Freeport LNG shipped its first tanker in 12 days from its Texas export terminal on Tuesday, marking a resumption of gas processing after an outage last month.

In March, Freeport shut down the train 2 liquefaction unit at its Texas plant and said that train 1 would be closed imminently. Each of the trains can turn around 700 million cubic feet (mcf) per day of feed gas into LNG.

The company said it could afford the fall in output associated with shutting down the trains as train 3, which froze in January and was out of action, had come back online. However, on 9 April, train 3 tripped and output from the plant dropped to near zero.

Freeport LNG is one of the US’s largest LNG export facilities and the US was the largest exporter of LNG in the world last year. Fluctuations in output at Freeport have therefore had major impacts on global gas prices. At the time of the drop in output, gas futures were up around 6% at the Dutch Title Transfer facility.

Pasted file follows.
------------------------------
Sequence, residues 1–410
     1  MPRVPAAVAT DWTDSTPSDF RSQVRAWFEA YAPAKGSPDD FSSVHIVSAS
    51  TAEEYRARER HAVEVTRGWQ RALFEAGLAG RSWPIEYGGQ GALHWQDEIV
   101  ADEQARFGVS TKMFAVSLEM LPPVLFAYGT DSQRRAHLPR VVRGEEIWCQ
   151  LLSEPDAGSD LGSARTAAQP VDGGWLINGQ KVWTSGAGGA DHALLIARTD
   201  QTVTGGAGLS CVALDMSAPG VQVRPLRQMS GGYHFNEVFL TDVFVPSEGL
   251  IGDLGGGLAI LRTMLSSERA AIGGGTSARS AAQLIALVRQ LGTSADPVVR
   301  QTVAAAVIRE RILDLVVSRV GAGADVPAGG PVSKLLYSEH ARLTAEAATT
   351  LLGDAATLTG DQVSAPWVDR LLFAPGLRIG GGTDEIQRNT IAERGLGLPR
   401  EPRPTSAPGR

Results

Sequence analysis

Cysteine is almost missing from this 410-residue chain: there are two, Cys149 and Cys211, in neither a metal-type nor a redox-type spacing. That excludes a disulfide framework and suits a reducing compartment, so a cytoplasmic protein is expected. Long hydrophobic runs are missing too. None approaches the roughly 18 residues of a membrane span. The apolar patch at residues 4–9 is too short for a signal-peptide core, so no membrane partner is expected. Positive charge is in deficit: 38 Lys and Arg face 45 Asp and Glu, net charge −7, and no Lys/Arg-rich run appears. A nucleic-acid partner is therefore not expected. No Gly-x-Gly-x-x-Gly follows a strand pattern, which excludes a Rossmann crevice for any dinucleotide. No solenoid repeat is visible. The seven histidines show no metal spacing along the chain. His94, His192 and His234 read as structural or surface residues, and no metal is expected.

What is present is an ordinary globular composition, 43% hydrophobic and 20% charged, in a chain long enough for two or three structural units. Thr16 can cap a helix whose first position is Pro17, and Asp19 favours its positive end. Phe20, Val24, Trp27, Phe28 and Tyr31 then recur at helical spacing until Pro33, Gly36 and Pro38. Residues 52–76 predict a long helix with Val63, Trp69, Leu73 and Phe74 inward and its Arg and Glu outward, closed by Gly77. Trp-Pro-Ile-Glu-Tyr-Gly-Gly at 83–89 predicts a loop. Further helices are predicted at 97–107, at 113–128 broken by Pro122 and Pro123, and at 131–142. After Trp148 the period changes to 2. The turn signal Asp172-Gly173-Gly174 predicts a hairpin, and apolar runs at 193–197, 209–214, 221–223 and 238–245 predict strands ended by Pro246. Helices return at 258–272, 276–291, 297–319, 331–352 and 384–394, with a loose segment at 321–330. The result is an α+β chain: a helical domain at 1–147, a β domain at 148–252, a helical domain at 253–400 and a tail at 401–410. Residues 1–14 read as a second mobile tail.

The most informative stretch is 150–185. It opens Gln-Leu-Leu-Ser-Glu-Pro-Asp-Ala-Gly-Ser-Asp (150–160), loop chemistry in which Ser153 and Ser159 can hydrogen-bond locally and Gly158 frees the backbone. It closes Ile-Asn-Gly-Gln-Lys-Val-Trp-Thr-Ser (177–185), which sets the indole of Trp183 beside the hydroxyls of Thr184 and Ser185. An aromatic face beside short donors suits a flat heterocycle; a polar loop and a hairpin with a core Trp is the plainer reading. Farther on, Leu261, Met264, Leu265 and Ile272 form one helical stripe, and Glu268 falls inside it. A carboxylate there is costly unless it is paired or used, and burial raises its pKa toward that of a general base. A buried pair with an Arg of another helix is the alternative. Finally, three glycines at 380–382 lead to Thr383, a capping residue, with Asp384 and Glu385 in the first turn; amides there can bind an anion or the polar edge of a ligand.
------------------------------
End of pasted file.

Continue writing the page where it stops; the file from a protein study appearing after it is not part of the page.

According to data seen by Reuters, the tanker BW Pavilion Leeara was partially loaded when it left Freeport LNG’s dock late Tuesday. This was the first vessel to depart the Quintana, Texas, plant since 11 April.

Pipeline gas flows were on track to reach 800mcf, up from 100mcf last Friday. At normal times, flows to the plant are around 2.2 billion cubic feet per day (bcf/d) to 2.4bcf/d.

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In other news, Freeport was fined $152,173 last week for violating state air pollution emissions rules between 2019 and 2021.

The Texas Commission on Environmental Quality said on 11 April that Freeport LNG had released carbon monoxide, hydrogen sulphide, nitrogen oxides, sulphur dioxide and volatile organic compounds over several years in excess of the permitted levels from flaring at the plant in Quintana.